Abraham Zager claims to be recounting true events of 2010-11 in Trestle Board the Texas Witches Curse, a deeply strange, extremely violent, and funny (sometimes unintentionally) narrative.
The bare bones of the story are as follows: When Zager tries to recover money he’s owed by an employer, the man vows revenge and turns to a satanic coven to exact vengeance on Zager. They move into an apartment next to his, set up surveillance and sneak in at night to drug him and plant head lice, spider eggs and other things in his scalp. His cat attacks them, sometimes doing grave harm, as Zager tries to get them to leave him alone.
This is a wild ride. Each chapter is named for and opens with a Bible verse. Zager describes the coven members as using “Santa Ria” – apparently meaning Santeria, a somewhat magical Cuban religion with African roots – and gives them jaunty bios: One drug runner “kills many young girls for fun and Satanic power. He’s also a skilled carpenter.”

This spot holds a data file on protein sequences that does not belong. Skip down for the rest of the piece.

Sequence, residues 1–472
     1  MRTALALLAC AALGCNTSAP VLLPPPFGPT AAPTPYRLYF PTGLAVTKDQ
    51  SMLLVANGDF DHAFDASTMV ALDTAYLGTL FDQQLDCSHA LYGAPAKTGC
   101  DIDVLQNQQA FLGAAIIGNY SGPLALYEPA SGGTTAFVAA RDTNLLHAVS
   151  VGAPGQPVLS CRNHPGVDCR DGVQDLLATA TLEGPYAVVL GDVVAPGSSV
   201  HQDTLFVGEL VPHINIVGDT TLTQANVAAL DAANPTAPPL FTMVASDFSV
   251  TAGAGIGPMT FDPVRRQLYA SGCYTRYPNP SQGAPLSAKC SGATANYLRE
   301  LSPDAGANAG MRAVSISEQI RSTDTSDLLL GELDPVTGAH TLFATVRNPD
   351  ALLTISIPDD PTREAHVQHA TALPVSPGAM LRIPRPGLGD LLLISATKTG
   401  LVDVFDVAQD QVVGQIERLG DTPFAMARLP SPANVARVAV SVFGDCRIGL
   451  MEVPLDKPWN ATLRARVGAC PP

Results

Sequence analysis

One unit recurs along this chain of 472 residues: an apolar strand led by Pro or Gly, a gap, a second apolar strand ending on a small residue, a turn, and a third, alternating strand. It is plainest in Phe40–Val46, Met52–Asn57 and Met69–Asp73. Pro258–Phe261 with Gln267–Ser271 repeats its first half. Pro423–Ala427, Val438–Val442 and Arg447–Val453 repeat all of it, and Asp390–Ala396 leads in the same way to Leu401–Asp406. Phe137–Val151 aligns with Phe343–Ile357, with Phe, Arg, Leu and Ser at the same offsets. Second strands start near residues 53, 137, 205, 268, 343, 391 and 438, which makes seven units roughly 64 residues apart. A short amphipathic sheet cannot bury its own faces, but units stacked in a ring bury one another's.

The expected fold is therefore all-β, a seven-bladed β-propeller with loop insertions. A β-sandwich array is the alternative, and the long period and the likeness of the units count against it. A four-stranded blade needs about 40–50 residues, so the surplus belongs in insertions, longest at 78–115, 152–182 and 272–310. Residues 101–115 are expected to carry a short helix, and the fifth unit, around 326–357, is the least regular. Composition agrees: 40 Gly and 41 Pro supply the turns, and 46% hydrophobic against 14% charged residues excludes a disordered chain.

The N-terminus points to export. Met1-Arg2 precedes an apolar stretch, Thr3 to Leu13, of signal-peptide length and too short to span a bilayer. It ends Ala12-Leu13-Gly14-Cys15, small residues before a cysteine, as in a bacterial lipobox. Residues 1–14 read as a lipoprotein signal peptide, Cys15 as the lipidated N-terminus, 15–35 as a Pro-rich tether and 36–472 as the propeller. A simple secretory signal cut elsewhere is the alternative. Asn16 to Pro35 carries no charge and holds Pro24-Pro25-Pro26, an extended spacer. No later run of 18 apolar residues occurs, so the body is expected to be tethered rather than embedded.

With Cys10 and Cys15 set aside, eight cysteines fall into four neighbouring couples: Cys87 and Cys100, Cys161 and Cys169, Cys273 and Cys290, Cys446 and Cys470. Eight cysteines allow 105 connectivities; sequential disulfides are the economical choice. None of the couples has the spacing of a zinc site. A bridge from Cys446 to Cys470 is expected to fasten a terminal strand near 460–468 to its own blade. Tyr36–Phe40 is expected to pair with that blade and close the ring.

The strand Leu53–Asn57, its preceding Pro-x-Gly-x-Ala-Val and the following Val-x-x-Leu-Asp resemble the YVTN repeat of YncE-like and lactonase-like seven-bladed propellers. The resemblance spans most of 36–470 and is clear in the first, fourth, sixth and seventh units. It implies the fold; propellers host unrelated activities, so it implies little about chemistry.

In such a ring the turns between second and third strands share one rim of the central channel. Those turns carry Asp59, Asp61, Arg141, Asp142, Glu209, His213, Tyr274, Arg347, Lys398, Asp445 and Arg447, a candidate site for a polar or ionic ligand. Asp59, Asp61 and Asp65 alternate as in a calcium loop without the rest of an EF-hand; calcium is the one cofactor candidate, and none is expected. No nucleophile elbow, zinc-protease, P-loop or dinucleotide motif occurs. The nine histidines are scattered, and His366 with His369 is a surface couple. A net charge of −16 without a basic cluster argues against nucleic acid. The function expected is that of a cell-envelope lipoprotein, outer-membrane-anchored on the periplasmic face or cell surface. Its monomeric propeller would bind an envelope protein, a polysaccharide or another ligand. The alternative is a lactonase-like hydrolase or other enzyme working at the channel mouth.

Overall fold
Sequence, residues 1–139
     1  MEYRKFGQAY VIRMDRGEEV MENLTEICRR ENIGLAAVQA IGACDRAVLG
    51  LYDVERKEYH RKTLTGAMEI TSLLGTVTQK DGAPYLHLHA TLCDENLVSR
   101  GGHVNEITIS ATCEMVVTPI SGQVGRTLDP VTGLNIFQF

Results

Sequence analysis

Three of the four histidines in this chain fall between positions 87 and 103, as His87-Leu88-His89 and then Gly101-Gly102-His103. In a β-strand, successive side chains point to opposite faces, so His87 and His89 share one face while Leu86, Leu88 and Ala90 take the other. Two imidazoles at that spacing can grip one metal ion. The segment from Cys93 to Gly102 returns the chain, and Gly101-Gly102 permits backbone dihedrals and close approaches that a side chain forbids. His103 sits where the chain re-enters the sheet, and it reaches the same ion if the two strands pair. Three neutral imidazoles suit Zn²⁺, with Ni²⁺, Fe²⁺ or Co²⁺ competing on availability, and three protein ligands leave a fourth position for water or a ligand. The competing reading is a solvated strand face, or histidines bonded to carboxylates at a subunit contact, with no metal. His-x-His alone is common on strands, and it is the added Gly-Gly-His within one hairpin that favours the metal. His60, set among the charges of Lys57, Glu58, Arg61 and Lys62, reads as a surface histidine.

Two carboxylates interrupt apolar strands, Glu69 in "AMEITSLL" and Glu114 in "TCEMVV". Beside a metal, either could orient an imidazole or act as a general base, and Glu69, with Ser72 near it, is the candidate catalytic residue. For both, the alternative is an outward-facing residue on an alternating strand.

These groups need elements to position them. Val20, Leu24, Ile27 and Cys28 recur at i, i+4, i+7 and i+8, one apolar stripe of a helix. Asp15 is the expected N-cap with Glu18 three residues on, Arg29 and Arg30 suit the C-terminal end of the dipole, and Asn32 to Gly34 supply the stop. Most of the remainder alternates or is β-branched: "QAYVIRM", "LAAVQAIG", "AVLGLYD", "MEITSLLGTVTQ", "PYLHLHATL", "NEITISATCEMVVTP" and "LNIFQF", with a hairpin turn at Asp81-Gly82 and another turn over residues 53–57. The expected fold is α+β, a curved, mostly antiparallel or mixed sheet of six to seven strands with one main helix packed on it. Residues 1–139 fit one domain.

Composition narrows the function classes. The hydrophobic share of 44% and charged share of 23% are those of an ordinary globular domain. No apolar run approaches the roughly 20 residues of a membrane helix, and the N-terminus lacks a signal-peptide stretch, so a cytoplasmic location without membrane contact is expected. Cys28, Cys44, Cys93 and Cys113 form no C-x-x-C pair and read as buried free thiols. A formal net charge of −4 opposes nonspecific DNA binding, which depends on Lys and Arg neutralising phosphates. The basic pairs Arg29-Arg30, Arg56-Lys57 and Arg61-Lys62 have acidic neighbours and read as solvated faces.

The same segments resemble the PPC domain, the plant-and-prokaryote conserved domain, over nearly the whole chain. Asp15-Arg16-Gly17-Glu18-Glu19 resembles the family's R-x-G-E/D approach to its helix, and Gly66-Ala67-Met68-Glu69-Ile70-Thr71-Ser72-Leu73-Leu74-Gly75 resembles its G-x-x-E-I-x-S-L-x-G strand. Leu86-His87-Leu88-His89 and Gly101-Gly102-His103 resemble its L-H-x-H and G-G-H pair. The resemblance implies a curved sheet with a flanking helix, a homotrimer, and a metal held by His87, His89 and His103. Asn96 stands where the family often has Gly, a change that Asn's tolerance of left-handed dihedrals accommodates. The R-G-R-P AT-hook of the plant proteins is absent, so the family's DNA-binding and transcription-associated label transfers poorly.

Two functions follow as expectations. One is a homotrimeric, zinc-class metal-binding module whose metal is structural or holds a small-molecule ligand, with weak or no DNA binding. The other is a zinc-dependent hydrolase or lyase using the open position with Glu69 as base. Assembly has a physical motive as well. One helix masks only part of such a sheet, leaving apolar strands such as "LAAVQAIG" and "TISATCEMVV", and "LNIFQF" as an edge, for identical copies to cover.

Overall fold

Zager describes what happens while he’s awake but also events that take place after he has been dosed with chloroform. It’s all very difficult to follow and rather hard to believe. His cat is an irresistible character, though, fighting off his enemies in ways that range from slapstick to heroic.
Were it written as a novel, this story would still need work to make sense: If the coven were truly powerful, for example, why would they spend untold thousands of dollars just to give someone skin problems? And while the book describes their ghoulish violence against women, the protagonist faces nothing a good shampoo couldn’t fix.
Readers who like extremely unhinged horror with a sense of humor might enjoy this, but the story slides off the rails so often that it qiuckly loses its way.
Also available as an ebook.